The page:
HEMANGIOMAS occur in practically all visceral and somatic elements of the body and numerically are common tumors,1 but when they occur in skeletal muscles, they are uncommon tumors, as evidenced by Watson and McCarthy's report of only 10 cases among 1,308 hemangiomas studied.2 Shallow and co-workers collected 335 cases of hemangioma of skeletal muscles from the world literature up to 1944.3 Of these, 39 involved the muscles of the thoracic wall; most of these tumors were small and involved only one muscle.
Elkin and Cooper reported 19 cases of large hemangiomas, 3 of which involved various muscles of the chest wall.4 Two of these tumors were completely excised; the third, only partially because of its extent.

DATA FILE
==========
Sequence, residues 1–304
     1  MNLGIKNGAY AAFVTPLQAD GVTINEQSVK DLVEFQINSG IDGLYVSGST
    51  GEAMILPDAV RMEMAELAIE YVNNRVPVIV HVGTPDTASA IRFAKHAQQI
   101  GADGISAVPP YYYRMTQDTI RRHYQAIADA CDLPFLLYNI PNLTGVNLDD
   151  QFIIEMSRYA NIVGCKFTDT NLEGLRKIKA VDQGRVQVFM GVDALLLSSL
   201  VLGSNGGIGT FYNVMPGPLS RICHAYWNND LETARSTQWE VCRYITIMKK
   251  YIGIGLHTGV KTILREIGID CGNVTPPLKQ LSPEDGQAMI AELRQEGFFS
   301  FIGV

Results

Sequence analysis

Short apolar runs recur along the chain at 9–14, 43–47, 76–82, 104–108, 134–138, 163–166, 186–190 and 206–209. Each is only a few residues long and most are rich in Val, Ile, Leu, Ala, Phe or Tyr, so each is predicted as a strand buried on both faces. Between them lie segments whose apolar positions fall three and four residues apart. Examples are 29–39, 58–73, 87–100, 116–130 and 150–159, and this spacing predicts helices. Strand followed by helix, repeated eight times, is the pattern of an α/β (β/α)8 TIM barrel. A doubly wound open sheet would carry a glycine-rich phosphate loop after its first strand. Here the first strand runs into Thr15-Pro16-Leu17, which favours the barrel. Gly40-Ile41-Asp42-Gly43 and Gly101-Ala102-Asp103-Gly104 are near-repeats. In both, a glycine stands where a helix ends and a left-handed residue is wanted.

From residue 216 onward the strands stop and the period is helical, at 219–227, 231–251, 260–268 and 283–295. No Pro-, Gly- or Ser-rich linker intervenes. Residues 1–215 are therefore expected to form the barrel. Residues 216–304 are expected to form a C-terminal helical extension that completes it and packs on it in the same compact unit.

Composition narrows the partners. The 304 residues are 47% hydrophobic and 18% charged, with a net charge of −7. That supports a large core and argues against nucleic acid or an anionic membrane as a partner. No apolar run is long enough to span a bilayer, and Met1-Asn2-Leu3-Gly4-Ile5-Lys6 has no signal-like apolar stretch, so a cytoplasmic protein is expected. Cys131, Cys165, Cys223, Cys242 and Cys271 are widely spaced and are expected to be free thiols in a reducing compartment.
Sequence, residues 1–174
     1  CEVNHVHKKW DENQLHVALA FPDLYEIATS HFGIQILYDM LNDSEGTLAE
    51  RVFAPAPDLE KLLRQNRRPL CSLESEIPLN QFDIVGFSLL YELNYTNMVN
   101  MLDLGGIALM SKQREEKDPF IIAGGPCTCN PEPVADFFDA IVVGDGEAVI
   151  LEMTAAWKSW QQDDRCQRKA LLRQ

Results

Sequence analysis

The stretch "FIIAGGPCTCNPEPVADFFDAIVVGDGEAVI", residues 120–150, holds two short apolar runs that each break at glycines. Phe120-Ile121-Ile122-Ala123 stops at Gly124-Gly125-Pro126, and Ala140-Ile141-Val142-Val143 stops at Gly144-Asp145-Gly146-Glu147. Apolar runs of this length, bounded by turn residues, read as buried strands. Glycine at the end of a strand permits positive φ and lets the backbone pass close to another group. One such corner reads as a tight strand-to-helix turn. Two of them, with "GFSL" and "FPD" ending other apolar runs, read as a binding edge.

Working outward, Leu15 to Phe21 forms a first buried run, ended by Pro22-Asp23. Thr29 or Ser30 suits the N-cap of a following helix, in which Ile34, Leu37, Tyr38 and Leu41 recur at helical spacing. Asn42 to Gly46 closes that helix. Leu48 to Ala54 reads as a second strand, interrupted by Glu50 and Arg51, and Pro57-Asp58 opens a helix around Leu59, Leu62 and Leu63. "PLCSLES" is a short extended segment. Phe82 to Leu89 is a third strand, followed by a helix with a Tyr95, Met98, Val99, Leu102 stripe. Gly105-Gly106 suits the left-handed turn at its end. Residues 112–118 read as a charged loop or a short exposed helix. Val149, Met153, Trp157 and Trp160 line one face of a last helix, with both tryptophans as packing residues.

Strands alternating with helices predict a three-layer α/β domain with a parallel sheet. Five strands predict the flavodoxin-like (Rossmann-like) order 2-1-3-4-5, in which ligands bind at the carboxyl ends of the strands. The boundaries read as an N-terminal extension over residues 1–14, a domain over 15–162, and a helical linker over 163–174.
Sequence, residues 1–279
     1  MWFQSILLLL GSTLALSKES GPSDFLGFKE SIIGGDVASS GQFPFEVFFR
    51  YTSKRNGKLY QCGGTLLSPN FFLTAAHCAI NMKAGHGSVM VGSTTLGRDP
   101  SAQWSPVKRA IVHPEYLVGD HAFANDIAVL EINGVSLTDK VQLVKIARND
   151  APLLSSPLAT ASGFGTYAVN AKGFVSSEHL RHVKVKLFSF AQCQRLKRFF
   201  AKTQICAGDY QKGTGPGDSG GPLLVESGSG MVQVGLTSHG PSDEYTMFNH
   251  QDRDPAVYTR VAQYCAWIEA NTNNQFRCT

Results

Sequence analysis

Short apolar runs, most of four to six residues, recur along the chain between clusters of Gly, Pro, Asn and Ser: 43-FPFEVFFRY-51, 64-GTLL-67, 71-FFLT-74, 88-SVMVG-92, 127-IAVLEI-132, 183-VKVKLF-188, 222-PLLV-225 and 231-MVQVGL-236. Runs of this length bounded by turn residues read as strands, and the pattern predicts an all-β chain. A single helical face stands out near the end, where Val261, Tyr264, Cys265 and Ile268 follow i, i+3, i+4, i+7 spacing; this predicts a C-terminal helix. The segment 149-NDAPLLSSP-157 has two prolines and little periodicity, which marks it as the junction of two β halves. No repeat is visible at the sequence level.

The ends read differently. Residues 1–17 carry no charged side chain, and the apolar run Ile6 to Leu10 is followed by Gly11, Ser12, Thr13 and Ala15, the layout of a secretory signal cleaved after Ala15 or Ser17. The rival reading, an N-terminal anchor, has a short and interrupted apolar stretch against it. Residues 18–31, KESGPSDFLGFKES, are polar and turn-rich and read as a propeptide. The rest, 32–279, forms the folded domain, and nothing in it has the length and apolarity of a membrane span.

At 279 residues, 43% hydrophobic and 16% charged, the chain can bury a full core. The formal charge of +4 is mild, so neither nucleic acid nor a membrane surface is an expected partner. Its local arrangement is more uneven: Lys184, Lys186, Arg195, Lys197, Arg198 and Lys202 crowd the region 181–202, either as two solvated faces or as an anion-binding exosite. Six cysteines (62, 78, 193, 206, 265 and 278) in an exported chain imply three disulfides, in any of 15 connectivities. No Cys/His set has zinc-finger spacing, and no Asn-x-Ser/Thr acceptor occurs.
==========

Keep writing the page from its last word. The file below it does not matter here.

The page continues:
Dumbbell tumors of the mediastinum and spinal cord make up a small percentage of all spinal-cord tumors. The great majority of these have their origin in nerve tissue. Heuer studied 64 dumbbell tumors, 43% of which
CARLSON RF, ADAMS WE. HEMANGIOMA OF CHEST WALL WITH EXTENSION INTO MEDIASTINUM AND EXTRADURAL SPACEReport of a Case. AMA Arch Surg. 1952;64(6):777-782. doi:10.1001/archsurg.1952.01260010797008